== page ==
If you’re familiar with OpenAPI you’re probably familiar with “Bundling”, also known by some as “Resolving” or “Dereferencing”, “External Inlining”… there’s a lot of names for this, but basically we are talking about pulling all the referenced parts of OpenAPI documents (linked together using
$ref) into a single OpenAPI document. This could be done in memory to work with complex OpenAPI programatically, or saving the new single file to be more portable.
I wrote more about why you might want to do that, and the history of it in OpenAPI v2.0 and v3.0 over on the Stoplight blog: Keeping OpenAPI DRY and Portable, which will give you examples that look a bit like this:
responses: '200': description: OK schema: type: object properties: data: type: array items: $ref: './schemas/gif.yaml' meta: $ref: './schemas/meta.yaml' pagination: $ref: './schemas/pagination.yaml'
For a long time the way various bits of tooling followed
$ref, how it turned a set of OpenAPI documents littered with filesystem implementation details, and what it did with it afterwards, were all up to the tooling vendor. Different tools worked in different ways. This meant confusing expectations for users, which in turn means confusing functionality requests for tooling maintainers. Some OpenAPI could be written in a way that would break when loaded on a different operating system, and could suffer from all sorts of case sensitivity issues or special character nonsense.
It was a mess.
Unfortunately that mess still exists, because tooling has not moved to adopt this new functionality.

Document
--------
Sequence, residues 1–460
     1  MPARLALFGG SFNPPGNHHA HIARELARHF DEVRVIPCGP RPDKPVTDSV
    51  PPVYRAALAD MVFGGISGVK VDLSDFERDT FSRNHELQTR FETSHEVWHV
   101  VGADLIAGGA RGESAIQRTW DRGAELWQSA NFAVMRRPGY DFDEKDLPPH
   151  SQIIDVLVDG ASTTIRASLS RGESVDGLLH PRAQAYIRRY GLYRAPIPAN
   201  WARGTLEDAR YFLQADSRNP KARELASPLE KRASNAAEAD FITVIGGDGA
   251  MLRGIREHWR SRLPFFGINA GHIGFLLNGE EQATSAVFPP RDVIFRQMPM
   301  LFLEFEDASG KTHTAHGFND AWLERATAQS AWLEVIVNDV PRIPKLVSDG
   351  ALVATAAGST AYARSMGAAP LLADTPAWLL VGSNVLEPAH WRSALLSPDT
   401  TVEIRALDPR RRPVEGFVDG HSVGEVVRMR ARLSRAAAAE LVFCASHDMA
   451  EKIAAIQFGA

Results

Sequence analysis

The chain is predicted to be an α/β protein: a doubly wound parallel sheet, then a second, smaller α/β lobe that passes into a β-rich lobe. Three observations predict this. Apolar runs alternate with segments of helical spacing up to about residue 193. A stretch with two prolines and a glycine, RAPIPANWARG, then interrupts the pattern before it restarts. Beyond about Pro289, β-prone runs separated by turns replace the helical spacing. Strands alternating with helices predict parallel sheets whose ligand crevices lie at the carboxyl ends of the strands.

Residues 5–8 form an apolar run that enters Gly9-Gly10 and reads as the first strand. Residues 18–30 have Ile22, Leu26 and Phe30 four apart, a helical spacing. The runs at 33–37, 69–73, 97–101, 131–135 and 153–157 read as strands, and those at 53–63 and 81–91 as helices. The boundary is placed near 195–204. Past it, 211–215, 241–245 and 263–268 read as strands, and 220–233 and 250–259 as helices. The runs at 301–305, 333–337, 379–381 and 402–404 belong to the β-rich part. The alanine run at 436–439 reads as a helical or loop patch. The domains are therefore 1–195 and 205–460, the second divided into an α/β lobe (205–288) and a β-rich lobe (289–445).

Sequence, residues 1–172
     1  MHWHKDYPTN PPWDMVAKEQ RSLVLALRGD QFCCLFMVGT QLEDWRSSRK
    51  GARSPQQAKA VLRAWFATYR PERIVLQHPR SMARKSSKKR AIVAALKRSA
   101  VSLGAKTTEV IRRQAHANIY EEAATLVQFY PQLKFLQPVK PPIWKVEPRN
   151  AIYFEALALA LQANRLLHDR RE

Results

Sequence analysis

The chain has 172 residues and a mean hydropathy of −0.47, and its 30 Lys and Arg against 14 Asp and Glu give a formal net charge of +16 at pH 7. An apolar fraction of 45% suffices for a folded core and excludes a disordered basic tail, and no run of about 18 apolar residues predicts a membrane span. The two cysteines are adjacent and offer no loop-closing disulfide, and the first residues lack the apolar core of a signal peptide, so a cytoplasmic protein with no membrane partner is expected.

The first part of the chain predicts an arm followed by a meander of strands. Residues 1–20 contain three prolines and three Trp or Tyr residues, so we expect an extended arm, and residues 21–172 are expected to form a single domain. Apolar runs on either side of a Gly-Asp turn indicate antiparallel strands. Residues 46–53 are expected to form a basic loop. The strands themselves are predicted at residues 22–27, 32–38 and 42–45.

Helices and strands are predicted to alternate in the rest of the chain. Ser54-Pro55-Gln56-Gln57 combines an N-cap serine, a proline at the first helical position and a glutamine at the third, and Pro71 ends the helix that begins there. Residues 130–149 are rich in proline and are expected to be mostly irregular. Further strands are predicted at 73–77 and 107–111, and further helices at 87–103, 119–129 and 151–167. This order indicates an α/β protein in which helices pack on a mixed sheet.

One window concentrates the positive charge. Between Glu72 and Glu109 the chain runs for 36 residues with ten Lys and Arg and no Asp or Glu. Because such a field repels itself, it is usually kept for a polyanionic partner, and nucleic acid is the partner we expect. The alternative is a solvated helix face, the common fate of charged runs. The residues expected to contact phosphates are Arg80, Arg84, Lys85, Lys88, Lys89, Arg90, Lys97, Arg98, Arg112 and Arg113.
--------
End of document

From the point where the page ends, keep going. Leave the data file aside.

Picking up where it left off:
Bundling has been standardized in JSON Schema Draft 2020-12, and we got Ben Hutton on the blog back in August 2021 to talk about it in _JSON Schema Bundling has been Formalized).
The tldr there is you can name schemas with an
$id which is a URI, which can then be used as a
$ref regardless of where files sit in the filesystem. As long as you tell the tool where things are, it can find all the various bits itself by memorizing the $ids and stitching them together with $ref. Then to do “bundling” it can dump them into
$defs. It looks a bit like this in OpenAPI:
openapi: 3.1.0 info: title: API version: 1.0.0 components: schemas: # This name has not changed, or been replaced, as it already existed and is likely to be referenced elsewhere non-negative-integer: # This Reference URI hasn't changed $ref: 'https://example.org/schemas/examples/non-negative-integer' # The path name already existed. This key doesn't really matter. It could be anything. It's just for human readers. It could be an MD5! non-negative-integer-2: $schema: 'https://json-schema.org/draft/2020-12/schema' $id: 'https://example.org/schemas/examples/non-negative-integer' description: Must be a non-negative integer $comment: A JSON Schema that uses multiple external references $defs: nonNegativeInteger: allOf: # These references remain unchanged because they rely on the base URI of this schema resource - $ref: /schemas/mixins/integer - $ref: /schemas/mixins/non-negative $ref: '#/$defs/nonNegativeInteger' integer: $schema: 'https://json-schema.org/draft/2020-12/schema' $id: 'https://example.org/schemas/mixins/integer' description: Must be an integer type: integer non-negative: $schema: 'https://json-schema.org/draft/2020-12/schema' $id: 'https://example.org/schemas/mixins/non-negative' description: Not allowed to be negative minimum: 0
Seeing as OpenAPI v3.1 and JSON Schema are now entirely compatible, this means OpenAPI has inherited that standardized bundling method. All modern venders in the OpenAPI space (the likes of Stoplight, Postman, and Redocly) advertize support for OpenAPI v3.1, but they do not yet support
$id in references.
These teams are all hugely busy working on many amazing things that you’re all going to love, and they prioritize what they’re working on based on what users are asking for, but this is something the OpenAPI community at large does not know they should be asking for.